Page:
Many public school educators in Ohio have done the same thing...they went to the ballot box and cut off their noses to spite of their faces. For them, it wasn't Representatives Cunningham and Dieckhaus but rather Representative Batchelder, Senator Niehaus, Governor Kasich and his minions. These educators are now paying the price! Worse yet, some won't even admit that they made a mistake!

Sunday, May 15, 2011

Professor Evans, you hit the nail right on the head!

"We should be very clear that the causes of the current public sector crisis does not lie with the employees. It is widely believed that public sector workers are better paid than private sector workers. This is not true. When we compare employees with similar levels of responsibilities in the public and private sectors there is little difference between in terms of overall compensation."
Evans: Collective bargaining isn't the problem
By Martin G. Evans/Guest columnist
May 15, 2011
Last month, Wisconsin passed a bill forbidding Public Sector Unions from bargaining over pensions and health benefits. Implementation of that law has been stalled by the courts. Last week, Ohio passed a law that forbade Public Sector Unions from bargaining over pensions and health benefits. No doubt, a similar legal challenge will be made.

Even in progressive Massachusetts, a Republican State Representative, Daniel Winslow, recently introduced a similar bill. A milder version, introduced by Speaker Robert DeLeo, has passed the House. The trouble is that these bills show a serious disconnect from the reality of bargaining. The difficulty is that an employee's compensation is made up of cash pay AND the benefits received. Pay is the money that goes into the bank or the pocketbook. Benefits represent compensation diverted to other purposes. Benefits vary a great deal across employers, including public agencies, but include such things as pension, health-care, sick day provisions, flexible hours, transportation, and, more rarely, child care provisions (as at MoJo, described by Jen Abelson in the Globe a few weeks ago).

The link between pay and benefits is most clear with the case of the pension. Pensions are funds that the employer and employee divert from the pocketbook and place in trust for payments that come on stream when the individual retires. The money is the employee's, the employer is merely the trustee. David Clay Johnston has written tellingly about the failure of most commentators to notice that employees pay 100 percent of the costs of their pensions. A pension is simply deferred pay. Individuals and Unions bargain with employers on the total size of the compensation package and then agree on what proportion of that compensation is to be paid out immediately, what proportion is to be set aside for a pension, what proportion is to be used to by health insurance, what proportion is to be allocated to pay for flexible hours, for daycare, and even for transportation to and from work; these last four benefits merely represent a diversion of cash payments into these alternative forms of compensation.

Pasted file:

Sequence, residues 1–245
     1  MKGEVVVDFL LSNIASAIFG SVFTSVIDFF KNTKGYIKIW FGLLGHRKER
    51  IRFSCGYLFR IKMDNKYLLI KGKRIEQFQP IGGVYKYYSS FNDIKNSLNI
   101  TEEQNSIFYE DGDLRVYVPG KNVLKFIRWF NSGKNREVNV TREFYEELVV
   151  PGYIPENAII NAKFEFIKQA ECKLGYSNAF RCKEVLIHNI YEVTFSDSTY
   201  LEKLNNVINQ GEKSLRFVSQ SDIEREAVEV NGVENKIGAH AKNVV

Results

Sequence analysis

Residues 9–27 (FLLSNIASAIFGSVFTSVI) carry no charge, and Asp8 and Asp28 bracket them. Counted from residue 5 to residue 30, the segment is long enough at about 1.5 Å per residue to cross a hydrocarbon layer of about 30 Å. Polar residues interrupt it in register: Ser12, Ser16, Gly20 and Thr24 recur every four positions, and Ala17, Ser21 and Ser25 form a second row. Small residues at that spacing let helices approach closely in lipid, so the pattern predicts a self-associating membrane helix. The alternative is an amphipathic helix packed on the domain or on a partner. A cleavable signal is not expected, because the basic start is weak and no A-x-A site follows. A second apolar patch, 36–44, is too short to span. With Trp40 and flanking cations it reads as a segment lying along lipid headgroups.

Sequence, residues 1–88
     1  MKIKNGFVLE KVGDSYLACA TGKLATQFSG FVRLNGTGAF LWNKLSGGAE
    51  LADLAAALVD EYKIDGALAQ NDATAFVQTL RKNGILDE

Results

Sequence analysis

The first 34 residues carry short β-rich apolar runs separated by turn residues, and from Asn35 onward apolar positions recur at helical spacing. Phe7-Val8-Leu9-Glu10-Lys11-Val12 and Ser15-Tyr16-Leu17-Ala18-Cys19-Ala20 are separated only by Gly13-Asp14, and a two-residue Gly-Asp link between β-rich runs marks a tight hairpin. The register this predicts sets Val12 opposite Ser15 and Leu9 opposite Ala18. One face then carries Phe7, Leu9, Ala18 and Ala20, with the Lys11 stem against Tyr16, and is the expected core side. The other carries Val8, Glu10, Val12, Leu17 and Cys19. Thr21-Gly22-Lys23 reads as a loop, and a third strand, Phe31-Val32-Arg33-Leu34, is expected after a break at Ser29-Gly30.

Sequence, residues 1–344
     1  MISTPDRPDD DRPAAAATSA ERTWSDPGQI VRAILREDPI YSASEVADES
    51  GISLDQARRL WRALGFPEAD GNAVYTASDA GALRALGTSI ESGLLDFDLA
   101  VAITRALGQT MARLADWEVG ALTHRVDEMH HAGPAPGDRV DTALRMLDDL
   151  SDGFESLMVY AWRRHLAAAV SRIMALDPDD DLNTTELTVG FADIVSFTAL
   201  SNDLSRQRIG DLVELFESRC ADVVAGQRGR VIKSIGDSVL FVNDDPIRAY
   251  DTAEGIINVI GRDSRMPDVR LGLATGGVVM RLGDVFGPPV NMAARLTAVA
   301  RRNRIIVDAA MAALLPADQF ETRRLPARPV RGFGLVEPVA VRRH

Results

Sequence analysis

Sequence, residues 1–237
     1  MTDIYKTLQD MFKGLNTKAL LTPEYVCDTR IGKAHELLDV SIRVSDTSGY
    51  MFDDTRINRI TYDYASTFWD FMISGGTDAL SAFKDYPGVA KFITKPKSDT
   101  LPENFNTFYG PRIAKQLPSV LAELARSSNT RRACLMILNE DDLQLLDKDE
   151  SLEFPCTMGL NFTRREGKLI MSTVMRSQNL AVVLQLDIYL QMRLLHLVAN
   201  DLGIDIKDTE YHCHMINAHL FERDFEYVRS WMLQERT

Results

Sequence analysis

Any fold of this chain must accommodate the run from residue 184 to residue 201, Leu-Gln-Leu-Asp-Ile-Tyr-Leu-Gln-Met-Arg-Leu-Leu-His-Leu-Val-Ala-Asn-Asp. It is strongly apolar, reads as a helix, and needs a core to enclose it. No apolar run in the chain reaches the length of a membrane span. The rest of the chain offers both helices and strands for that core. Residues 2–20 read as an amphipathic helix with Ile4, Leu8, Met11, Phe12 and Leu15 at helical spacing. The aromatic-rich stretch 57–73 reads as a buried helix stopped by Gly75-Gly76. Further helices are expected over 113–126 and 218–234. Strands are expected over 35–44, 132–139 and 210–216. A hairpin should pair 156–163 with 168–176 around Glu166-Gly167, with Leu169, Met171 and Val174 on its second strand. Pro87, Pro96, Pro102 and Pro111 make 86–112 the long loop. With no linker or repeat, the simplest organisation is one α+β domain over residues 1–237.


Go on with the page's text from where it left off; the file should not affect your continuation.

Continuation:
The employee pays the whole shot based on the compensation agreed to in the collective bargaining process. It is probably the case that employees who enjoy good benefits did so by accepting lower cash wage payments in previous negotiations.

This complete interdependence between cash pay and benefits makes it the height of absurdity for legislators to allow collective bargaining on one aspect of compensation but to forbid collective bargaining on other aspects. Such an artificial division will make it very difficult for managers to present a sensible compensation proposal to its employees.

We should be very clear that the causes of the current public sector crisis does not lie with the employees. It is widely believed that public sector workers are better paid than private sector workers. This is not true. When we compare employees with similar levels of responsibilities in the public and private sectors there is little difference between in terms of overall compensation.

The reason that citizens are balking at the compensation enjoyed by public sector employees is that their wages have been stagnant over the past 25 years (except for the top 1 percent of wage earners); while corporations have failed to compensate employees in line with productivity increases, they have also fed them a story about the excesses of the public sector.

These attacks on public sector workers are appealing to the rest of us who have lost our good pensions and health benefits, but they miss the target of restoring fiscal balance. The real money lies with the rich. The only way to get the states, cities, and towns out of the mess they are in is by the Federal government providing additional stimulus funding. This should be roughly equivalent to 20 percent of their 2007 budgets.

This would enable states to pull through until unemployment drops to more normal levels. To pay for this, the Federal government should institute a tax on financial transactions (a good idea from Dean Baker and others). That is where the money is, that is where a tiny tax on each transaction will result in a flow of funds to the treasury without crimping normal economic activity on main street.

It is only right that Wall Street should help out at this time.

(Martin Evans is a professor emeritus at the Rotman School of Management and Centre for Industrial Relations, University of Toronto.)

Read more:

A Paul Ryan haircut...balanced....(fair and balanced?)

Click image (twice) to enlarge.
Thanks to JC..............................................................................
Larry KehresMount Union Collge
Division III
web page counter
Vermont Teddy Bear Company